>                lemon:reference <VerbSynset76400> .
> 
> <cat_new>
>                a lemon:LexicalSense;
>                lemon:reference myont:vomit .
> 
> 
> So in some sense, both myont:vomit (btw. why "vomit"? ;-)) and <VerbSynset76400> have the same status in the lexicon as a concept (skos:Concept) that can be the reference for a word. I do not see any problem with that. Of course, this does not say anything about the further status or relation between these two concepts.
> 
> Enough for now on this point I think.
> 
> Does this all make sense?
> 
> Philipp.
> 
> Am 15.04.13 19:41, schrieb Armando Stellato:
>> Hi all,
>> 
>> First of all, thanks John for providing the example: through concrete examples it is easier to discuss!
>> 
>>  
>> 
>> A few comments (the same “disclaimer” from Elena holds for me: hope I didn’t miss anything from other discussions, and in case, sorry in advance).
>> 
>>  
>> 
>> 1)      First of all (sorry a bit out of topic), I would ask for a clarification, so that I can apply the policy to my examples too: I see the “lemon:” prefix being used in many examples, and Lemon is an outcome of Monnet project. Is it also the definitive name (or a temporary name) we are giving to the model we are developing in this community group? I’ve been using “ontolex:” as a fictitious prefix in my examples, and just got “lemon” was being used by some of you, because those of you working on Monnet have started right from examples they already built in the original lemon. Sorry for asking what seems to be trivial, but I never got any definitive statement on this, so, better to realign late than never :-D 
>> Btw, what is written at the last row of: http://www.lemon-model.net/ seems to confirm my hypothesis.
>> 
>> 
>> ok..back to the original topic. Consider that a few of these observations can actually be solved by completing the example, and do not necessarily clash with it (or, at least, do not clash with what has been already written, while I don’t know of what was thought for the rest).
>> 
>>  
>> 
>> 2)      With respect to Wordnet (which has explicitly ordered senses per word, where I think this order originates – at least for some of the words – from frequencies in SemCor) the sense ordering is lost: the synsets are bound to the words by means of the sole listing of values, which in plain RDF is unordered.
>> 
>>  
>> 
>> 3)      This is the most important observation: the use of lemon:sense . Together with lemon:reference, lemon:sense should realize the bridge from lexical entries to conceptual entities (of the domain ontology). Should we use it reach the conceptual entities (e.g. synsets) of the lexical resource AS WELL?. In terms of black-box compatibility, as we are modelling even conceptual info of lexical resources (e.g.  synsets in wordnet) through some RDF language (e.g. SKOS), the thing is legal (the rdfs:range of lemon:sense, providing it is wide enough, is respected), still I’m not sure we want that. Shortly, I’m not sure if we want to apply exactly the same 3-entities approach we are using for the lexicon-ontology model, to modelling solely a lexical resource.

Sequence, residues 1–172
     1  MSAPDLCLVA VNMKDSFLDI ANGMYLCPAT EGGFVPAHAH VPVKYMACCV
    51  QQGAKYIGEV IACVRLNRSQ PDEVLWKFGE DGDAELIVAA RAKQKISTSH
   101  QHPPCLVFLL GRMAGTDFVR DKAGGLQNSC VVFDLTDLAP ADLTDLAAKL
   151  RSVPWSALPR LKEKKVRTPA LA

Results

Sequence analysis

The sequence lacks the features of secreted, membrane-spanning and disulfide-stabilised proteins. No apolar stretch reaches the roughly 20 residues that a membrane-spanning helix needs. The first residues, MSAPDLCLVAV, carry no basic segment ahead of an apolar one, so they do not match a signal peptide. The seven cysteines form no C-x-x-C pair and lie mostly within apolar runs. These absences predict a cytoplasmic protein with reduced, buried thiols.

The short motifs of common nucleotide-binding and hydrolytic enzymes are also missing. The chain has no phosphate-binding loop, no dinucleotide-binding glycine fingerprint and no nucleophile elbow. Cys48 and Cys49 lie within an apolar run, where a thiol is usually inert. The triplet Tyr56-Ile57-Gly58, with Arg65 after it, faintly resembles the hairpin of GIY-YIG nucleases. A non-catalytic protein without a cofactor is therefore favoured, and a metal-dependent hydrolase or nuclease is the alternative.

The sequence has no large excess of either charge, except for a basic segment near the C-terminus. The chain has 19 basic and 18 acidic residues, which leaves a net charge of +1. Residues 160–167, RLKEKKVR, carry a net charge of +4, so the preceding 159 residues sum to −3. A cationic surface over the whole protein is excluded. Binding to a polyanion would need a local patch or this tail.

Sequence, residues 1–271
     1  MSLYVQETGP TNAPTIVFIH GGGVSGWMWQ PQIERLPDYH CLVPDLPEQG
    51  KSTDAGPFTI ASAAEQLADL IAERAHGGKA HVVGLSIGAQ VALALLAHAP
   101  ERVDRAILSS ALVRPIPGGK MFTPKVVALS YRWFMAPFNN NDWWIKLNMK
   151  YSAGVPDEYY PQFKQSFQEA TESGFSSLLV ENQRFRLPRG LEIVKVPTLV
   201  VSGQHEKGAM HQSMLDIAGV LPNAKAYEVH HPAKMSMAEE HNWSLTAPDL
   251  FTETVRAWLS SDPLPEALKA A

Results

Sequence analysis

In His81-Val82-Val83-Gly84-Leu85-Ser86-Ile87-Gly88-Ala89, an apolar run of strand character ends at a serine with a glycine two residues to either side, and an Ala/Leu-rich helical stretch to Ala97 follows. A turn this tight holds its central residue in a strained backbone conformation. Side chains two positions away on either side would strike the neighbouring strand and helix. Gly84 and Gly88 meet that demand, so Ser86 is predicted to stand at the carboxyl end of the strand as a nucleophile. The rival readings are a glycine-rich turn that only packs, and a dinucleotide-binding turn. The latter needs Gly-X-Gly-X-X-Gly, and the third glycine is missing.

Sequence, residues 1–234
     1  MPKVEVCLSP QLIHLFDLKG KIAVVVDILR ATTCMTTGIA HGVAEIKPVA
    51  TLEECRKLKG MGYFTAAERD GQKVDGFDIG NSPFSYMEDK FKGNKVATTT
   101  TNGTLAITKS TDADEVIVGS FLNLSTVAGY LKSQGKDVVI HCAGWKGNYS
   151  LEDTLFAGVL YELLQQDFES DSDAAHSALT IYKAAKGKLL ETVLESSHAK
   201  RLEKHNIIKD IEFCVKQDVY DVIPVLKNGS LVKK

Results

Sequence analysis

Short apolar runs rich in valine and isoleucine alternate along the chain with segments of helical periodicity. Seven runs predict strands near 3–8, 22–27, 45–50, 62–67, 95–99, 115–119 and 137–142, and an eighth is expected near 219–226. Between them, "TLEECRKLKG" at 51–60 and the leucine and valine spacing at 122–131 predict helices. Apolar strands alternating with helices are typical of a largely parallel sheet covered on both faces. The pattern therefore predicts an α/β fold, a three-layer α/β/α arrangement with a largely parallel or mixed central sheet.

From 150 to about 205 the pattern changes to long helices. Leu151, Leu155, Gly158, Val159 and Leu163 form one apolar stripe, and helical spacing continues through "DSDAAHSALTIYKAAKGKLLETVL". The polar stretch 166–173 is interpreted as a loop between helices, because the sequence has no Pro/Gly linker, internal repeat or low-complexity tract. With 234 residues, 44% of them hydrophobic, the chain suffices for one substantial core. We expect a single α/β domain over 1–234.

>> Let’s make an example. We have myont: which is a domain ontology (where we have the entry myont:vomit) we are enriching with lexical content, possibly from wordnet. Then we have the necessity of representing a direct linking between some lexical entries (which may happen to be in wordnet or not) and the domain entities of myont.
>> We would have thus this example, which I derived from both the WordNet example, and the generic OntoLex example for enriching an ontology with lexical content: 
>> 
>> <cat:v>
>>                a lemon:LexicalEntry
>>                lemon:sense <cat::2:29:0::>, <cat::2:35:0::> ;
>> <cat::2:29:0::>
>>                a lemon:LexicalSense ;
>>                lemon:reference <VerbSynset76400> .
>>                lemon:reference myont:vomit .
>>                               
>> 
>> Note that I’ve cut from the original example, the triples which are non-useful to the discussion.
>> 
>> Actually, in writing this revised example, I’m not even sure if the two lemon:references should be put under the same sense umbrella, or I should have used two             different senses. This is mainly because I’m not sure about the concept of “sense” here and what it represents. I see potential for confusion even by looking at the Elena/John emails, as she rightly asks about the use of skos:definition instead of lemon:definition. While I’m not addressing here the use of a property or the other, the answer by John, hinting at the fact that there could be two definitions, one for a sense, and one for a synset (and consider that there could be a definition for the element in the ontology), makes me wonder how many levels we should have!